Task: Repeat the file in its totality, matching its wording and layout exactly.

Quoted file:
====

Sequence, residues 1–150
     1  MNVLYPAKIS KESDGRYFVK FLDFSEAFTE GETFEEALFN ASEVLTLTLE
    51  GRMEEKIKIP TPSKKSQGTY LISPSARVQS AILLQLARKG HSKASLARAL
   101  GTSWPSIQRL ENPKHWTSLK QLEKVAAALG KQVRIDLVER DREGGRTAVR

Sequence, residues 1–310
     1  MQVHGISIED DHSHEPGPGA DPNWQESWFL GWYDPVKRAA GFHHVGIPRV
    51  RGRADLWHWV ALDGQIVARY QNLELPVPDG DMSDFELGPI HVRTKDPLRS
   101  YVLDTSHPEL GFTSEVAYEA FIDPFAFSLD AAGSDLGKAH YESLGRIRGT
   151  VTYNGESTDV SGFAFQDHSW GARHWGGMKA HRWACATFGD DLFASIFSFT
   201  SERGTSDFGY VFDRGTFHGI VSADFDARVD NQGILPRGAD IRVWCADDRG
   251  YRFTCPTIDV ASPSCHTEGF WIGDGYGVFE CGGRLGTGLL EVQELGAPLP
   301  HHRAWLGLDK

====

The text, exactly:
Sequence, residues 1–150
     1  MNVLYPAKIS KESDGRYFVK FLDFSEAFTE GETFEEALFN ASEVLTLTLE
    51  GRMEEKIKIP TPSKKSQGTY LISPSARVQS AILLQLARKG HSKASLARAL
   101  GTSWPSIQRL ENPKHWTSLK QLEKVAAALG KQVRIDLVER DREGGRTAVR

Sequence, residues 1–310
     1  MQVHGISIED DHSHEPGPGA DPNWQESWFL GWYDPVKRAA GFHHVGIPRV
    51  RGRADLWHWV ALDGQIVARY QNLELPVPDG DMSDFELGPI HVRTKDPLRS
   101  YVLDTSHPEL GFTSEVAYEA FIDPFAFSLD AAGSDLGKAH YESLGRIRGT
   151  VTYNGESTDV SGFAFQDHSW GARHWGGMKA HRWACATFGD DLFASIFSFT
   201  SERGTSDFGY VFDRGTFHGI VSADFDARVD NQGILPRGAD IRVWCADDRG
   251  YRFTCPTIDV ASPSCHTEGF WIGDGYGVFE CGGRLGTGLL EVQELGAPLP
   301  HHRAWLGLDK